Priyeshu Garg · 18 hours ago · 4 min read
A proposed bill in the Australia parliament is stifling the citizens’ right to privacy. The bill calls for a software “backdoor” to encrypted data for government authorities to access on demand. If passed, decentralized applications–which pride on their privacy features–stand to bear the brunt.
As blockchain technology and cryptocurrencies gain prominence, a major issue most governments voice is of the lack of control and opacity of financials. But, at the cost of privacy, regulations can be twisted to supplement the technology’s rise.
Long-term implications of a major economy passing an anti-privacy legislation could set the tone for other economies, such as India, U.K., and the U.S., to follow. Citizen surveillance has to be a significant feature of all developed countries across the globe, and as distributed systems compete against that aspect, a flurry of regulatory changes are inevitable.
The so-called Assistance and Access’ bill proposes three features for the Australian government to exercise:
- Granting a voluntary request for assisting a company with information about a product or customer.
- Demanding mandatory assistance from a company for getting personal information.
- Build a “backdoor feature” into technology applications that compromise user encryption for surveillance purposes.
If passed, Australian citizens could lose their online privacy. But for blockchain enthusiasts, investors, proponents, and developers, the move can spell significant damage for the technology’s most prized feature: Privacy.
Most decentralized applications (dApps) rely on blockchain technology or other derivatives–such as DAG–for their functioning. Attempting to create a dApp without the blockchain is comparable to accessing a website without connection to the internet.
Since their introduction, dApps have provided a strong narrative for propelling user privacy while interacting with a global network of people–as aspect not wholly-possible in current mechanisms. For the everyday person, a dApp will be the primary method of interacting with the blockchain, which is said to lead the “Fourth Industrial Revolution” and surpass the internet in terms of usage.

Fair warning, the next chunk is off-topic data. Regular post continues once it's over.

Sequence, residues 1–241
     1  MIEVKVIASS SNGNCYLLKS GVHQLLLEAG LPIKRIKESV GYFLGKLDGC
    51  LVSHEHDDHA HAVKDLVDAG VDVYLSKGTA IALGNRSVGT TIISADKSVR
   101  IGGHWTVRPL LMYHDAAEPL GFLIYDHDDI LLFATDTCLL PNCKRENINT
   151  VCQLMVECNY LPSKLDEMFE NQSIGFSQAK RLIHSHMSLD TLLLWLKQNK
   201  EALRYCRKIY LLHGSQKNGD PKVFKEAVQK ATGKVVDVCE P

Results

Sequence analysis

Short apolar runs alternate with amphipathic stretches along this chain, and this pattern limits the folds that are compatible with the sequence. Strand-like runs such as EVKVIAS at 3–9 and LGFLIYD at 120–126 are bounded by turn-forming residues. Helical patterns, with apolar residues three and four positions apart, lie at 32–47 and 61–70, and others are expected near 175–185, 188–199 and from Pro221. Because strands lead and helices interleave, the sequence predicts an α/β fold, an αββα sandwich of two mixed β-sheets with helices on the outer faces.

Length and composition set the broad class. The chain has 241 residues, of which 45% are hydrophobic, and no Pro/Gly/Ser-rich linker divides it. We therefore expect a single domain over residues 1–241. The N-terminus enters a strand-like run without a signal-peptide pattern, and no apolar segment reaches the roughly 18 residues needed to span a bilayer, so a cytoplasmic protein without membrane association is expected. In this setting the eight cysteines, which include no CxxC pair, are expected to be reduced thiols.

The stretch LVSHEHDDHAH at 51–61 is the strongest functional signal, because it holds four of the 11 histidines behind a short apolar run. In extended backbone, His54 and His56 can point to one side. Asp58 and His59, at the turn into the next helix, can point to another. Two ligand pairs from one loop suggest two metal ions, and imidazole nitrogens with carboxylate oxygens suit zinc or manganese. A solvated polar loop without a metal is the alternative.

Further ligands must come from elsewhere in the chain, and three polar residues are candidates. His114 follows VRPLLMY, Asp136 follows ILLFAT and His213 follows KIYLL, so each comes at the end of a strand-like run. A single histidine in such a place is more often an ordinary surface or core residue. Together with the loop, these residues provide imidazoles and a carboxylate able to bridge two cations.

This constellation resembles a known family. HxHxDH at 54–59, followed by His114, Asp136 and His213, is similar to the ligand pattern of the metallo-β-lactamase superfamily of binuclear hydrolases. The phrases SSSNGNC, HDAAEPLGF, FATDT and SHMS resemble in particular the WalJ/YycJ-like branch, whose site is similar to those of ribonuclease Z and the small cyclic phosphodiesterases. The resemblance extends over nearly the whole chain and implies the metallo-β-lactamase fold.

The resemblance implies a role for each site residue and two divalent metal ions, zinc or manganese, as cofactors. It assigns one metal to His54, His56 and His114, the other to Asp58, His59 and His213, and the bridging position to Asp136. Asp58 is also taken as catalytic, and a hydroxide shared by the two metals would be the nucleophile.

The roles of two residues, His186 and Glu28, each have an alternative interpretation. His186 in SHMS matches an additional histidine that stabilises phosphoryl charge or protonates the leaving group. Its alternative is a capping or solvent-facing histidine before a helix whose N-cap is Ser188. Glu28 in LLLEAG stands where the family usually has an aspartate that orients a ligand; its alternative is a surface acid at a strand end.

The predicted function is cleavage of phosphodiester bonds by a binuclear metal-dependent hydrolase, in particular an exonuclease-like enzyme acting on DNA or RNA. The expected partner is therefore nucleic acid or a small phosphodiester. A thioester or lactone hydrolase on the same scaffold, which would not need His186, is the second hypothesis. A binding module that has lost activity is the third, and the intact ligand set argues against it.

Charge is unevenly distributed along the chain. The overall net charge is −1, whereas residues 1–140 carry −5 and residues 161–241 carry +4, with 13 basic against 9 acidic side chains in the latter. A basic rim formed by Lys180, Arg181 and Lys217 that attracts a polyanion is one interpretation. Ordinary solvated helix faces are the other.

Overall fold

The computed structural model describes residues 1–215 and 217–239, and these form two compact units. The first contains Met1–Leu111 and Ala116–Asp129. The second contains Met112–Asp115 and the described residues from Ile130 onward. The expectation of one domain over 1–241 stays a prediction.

However, if the Australian bill comes to pass, the very existence of decentralized apps—and the principles for which they stand for may be jeopardized.
Based on the proposed bill, it remains unclear how dApps would be accommodated keeping their USP in mind. Australia has been experimenting with blockchain technology in recent times–partnering with other economies to conduct cross-ocean shipping and even issuing billion-dollar bonds–making it clear the government understands the technology and its myriad benefits in depth.
As of today, the global market has approximately 1,945 active dApps with 12,900 daily users, as per data collated by tracking website State of dApps. But with the law’s introduction, several questions come to mind: Would all application participants violate the law by using a privacy-focussed dApp? Are dApps unlawful? Can dApps be legalized with only if a centralized body if governing the system and exercising majority consensus?
Meanwhile, some of the world’s largest tech companies have come together for submitting a four-page notice to the Australian Attorney General in opposition to the proposed bill.